The long arm of inflation: The US dollar and gold
Many have called for the return of inflation as a result of these rising debt levels and increase of “money printing” by central bankers. But sparking inflation through accommodative monetary policies has proven to be a true Sisyphus-like dilemma for policymakers in the past, as they’ve unsuccessfully tried to push the inflation boulder uphill over the past decade – primarily due to a drop in the velocity of money. Additionally, with the continued structural deflationary headwinds of aging global demographics, rising impact of technology, and the now inevitable deleveraging cycle, inflation in the form of traditional price measures will likely remain tame.
Instead, inflation may emerge in the form of currency devaluation, particularly with the US dollar, as a result of continued accommodative policies. A weaker dollar is inherently an inflationary action because it reduces the purchasing power of US consumers and investors. Monetary and fiscal policies geared toward a weaker dollar could greatly aid in reducing debt burdens through this inflationary effect – with a weaker dollar supporting growth through exports and reducing nominal values of debt outstanding.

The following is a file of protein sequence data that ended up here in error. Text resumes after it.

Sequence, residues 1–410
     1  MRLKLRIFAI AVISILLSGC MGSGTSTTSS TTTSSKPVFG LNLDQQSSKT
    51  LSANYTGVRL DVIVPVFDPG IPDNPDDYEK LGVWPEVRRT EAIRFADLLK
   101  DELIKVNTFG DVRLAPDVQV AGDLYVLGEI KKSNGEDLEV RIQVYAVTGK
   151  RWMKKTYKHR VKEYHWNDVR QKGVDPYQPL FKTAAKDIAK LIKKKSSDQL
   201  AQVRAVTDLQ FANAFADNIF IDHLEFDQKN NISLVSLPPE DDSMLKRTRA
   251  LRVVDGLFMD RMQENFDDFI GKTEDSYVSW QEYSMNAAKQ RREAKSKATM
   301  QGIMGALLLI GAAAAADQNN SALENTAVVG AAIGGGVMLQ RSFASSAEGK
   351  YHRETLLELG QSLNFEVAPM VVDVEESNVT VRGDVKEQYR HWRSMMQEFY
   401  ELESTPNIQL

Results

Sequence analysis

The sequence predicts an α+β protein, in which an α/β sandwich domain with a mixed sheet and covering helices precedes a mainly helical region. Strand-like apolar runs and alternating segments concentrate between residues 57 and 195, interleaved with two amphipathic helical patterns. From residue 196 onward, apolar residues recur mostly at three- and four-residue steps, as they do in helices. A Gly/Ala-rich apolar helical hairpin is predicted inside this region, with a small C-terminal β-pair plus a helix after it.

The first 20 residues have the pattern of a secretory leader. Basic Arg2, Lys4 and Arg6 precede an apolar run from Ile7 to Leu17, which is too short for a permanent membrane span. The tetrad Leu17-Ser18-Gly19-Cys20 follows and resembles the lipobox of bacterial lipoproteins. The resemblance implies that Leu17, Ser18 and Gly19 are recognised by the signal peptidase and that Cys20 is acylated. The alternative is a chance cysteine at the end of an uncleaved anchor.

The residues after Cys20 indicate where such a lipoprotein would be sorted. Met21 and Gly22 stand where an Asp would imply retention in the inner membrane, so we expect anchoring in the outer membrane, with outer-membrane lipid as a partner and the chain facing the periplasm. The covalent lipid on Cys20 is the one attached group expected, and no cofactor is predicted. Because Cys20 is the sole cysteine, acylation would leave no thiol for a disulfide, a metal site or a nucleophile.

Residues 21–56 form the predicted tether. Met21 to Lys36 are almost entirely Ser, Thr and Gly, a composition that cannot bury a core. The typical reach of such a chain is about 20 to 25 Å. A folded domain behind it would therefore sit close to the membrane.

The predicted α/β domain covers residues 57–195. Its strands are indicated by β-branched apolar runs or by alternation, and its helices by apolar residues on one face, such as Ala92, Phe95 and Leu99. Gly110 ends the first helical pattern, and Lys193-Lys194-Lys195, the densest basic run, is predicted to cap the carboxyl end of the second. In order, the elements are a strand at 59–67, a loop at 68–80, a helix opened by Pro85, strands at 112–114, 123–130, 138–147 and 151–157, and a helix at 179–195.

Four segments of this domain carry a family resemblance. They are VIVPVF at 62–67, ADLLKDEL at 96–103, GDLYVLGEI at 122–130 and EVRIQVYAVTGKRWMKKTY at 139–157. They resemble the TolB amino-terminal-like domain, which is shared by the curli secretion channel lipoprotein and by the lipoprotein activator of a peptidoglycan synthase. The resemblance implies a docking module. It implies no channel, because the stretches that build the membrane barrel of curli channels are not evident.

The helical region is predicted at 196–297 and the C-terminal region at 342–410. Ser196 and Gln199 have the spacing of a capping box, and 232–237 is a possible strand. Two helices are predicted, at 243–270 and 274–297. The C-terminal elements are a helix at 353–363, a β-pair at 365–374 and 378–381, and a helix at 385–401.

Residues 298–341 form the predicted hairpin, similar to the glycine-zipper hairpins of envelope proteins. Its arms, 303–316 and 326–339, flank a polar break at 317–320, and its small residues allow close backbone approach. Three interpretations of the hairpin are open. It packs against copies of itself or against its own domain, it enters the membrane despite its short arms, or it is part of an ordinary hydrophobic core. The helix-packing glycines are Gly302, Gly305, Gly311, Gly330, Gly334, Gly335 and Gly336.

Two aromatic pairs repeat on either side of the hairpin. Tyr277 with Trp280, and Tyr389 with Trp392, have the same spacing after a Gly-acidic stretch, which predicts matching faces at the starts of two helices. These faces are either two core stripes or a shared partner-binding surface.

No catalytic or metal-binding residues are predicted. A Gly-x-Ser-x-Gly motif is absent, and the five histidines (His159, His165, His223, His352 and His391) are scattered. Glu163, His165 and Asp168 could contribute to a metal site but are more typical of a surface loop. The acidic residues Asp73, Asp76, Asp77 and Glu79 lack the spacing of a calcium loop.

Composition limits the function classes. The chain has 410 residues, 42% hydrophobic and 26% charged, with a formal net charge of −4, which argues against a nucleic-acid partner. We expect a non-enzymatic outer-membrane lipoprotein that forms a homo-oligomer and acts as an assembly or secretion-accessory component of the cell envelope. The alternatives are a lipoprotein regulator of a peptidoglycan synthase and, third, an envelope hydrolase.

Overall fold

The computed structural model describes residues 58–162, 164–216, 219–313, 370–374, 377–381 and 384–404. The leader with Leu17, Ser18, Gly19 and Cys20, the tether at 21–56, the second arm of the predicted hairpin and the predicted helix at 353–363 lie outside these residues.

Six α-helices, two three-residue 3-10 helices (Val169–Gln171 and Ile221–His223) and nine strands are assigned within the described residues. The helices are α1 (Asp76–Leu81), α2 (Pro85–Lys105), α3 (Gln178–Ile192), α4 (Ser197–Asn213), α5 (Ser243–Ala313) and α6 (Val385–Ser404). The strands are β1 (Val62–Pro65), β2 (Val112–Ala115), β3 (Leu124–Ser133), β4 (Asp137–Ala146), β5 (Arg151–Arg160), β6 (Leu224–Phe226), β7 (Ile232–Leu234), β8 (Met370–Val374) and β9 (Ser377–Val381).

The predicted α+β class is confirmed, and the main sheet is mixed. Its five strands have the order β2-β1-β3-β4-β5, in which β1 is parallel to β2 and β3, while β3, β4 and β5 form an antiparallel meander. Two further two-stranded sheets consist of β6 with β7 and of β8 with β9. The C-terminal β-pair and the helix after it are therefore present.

This environment could prove powerful for gold – which may provide the role of a store of value by keeping up with broad price fluctuations in conjunction with weakening currencies. An outlook for a weaker USD environment is a good sign for gold which holds an average correlation of -0.36 to the USD since 1971 and a current 12-month correlation of -0.65 (as of May 31, 2020). But it is not always a straight line with gold and the USD. Gold and the USD have also exhibited brief periods of synchronization and even positive correlations in the short run. This can typically occur during outlook extremes – with gold and the dollar being sought with flight-to-quality motives during extreme downturns. Positive correlation has also been supported during periods when higher cyclical demand for gold jewelry and technology rose with extreme increases in real GDP alongside rising demand for dollars to invest.
What’s bad for the US dollar may be good for gold
Heading into 2H 2020, a significant jump in volatility – or severe risk-off sentiment – could see USD support in the short term. But there are several reasons to expect the USD remains softer over the medium to longer term – an outcome that potentially supports continued gold demand and price outlook.